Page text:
A friend recently forwarded this gem to me that’s stayed in my mind: “I’m so tired my tired is tired!”
That sums up what pretty much everyone I know has shared as a constant refrain: How stressed they feel at work….and in life.
We seem to go from one set of “multitasks” to another, with not much time to sit back and reflect. Deadlines always creep up. There’s always a craft or activity which needs prep work, last-minute trips to Target and yet another take-out meal.
But, at least for me, kids aside, my deadlines don’t directly involve being responsible for someone else’s life.
Health care workers on the other hand? Absolutely. Day in and day out.
THAT stress is hard to wrap my brain around. It’s not one that you often even think about.
Physician burnout and stress in health care workers
Daniel Pacheco, MD, Chief Medical Officer at Banner Behavioral Health Hospital, recently spotlighted the need for health care workers to de-stress on a regular basis in this insightful interview on KJZZ, Phoenix’s National Public Radio affiliate.
“The work never ends….you see the patients, you clear them out…well there’s another 10 waiting to come in,” Dr. Pacheco notes in the interview.
If not dealt with appropriately, it can lead to physician burnout, he warns.
Consider this startling statistic from the American Foundation for Suicide Prevention: Male physicians have a 70 percent higher suicide rate than men in other professions; female physicians die by suicide at a 400 percent higher rate than women in other professions.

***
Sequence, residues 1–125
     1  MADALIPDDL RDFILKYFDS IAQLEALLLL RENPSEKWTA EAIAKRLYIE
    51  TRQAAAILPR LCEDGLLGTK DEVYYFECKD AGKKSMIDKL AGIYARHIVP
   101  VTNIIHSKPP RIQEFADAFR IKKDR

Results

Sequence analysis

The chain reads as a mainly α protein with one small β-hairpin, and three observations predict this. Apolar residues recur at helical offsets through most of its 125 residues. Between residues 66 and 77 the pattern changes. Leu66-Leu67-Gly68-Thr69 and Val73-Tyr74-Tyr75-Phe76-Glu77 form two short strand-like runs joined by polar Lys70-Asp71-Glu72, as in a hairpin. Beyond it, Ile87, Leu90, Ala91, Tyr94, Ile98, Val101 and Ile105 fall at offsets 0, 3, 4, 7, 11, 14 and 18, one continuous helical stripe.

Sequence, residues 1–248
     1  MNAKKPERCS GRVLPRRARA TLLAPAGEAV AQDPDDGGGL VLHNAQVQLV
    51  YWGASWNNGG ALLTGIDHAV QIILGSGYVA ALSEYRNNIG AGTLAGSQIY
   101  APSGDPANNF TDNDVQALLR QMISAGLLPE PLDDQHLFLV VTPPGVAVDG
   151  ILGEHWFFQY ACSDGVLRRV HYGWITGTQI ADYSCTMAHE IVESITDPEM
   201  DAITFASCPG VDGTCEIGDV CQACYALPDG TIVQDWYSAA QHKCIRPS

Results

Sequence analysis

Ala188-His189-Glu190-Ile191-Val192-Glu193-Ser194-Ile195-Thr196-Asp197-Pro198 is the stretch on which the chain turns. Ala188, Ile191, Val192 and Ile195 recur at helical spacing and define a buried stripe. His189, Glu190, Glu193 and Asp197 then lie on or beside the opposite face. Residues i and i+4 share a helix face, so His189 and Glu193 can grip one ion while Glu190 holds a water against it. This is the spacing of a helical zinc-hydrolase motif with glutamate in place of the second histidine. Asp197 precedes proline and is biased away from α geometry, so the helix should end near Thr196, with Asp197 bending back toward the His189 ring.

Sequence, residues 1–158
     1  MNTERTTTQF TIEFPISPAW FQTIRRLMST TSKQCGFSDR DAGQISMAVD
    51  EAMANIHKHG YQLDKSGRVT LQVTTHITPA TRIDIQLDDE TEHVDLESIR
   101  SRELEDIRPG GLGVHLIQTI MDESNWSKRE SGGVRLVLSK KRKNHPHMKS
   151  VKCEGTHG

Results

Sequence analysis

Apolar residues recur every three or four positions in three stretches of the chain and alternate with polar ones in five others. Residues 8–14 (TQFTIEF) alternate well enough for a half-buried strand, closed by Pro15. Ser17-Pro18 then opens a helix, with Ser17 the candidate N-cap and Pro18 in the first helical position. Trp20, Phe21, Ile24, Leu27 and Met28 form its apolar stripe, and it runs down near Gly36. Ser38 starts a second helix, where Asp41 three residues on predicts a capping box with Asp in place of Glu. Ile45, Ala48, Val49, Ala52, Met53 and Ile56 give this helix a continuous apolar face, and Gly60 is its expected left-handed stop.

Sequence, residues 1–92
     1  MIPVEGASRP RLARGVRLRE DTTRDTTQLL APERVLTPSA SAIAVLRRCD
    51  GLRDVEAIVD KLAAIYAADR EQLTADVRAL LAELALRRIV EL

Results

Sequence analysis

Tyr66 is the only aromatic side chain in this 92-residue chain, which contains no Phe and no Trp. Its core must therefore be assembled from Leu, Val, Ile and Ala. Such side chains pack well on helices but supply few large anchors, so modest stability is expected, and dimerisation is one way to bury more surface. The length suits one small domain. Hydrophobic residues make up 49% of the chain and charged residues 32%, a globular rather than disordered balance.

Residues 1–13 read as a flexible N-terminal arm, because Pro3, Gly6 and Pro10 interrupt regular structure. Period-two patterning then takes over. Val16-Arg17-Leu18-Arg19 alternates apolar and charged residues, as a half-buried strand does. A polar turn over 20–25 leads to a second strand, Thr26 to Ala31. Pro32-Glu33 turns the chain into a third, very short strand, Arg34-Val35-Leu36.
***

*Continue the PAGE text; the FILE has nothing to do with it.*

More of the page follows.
Dr. Pacheco says doctors, nurses, emergency and other health care providers, through their training, feel the pressure to be the champion, healer and educator, with little wiggle room to take care of themselves.
So what should health workers do? Patients do come first, says Dr. Pacheco, but we are human as well and (mental health) issues shouldn’t be brushed aside.
He has these 5 tips for health care workers to keep in mind:
- Take a few deep breaths several times a day and focus on the present moment
- Take a walk or move away from your primary area of work during break time; physically change your environment
- Each day list three things you are grateful for
- In your to-do list, add something that is just for you. For example, go for a walk, talk to a friend, or buy a coffee or treat just for yourself
- Smile often
And while they should put patients first, Dr. Pacheco says it’s as important to be mindful of their own needs, to continue to be able to help, and heal others.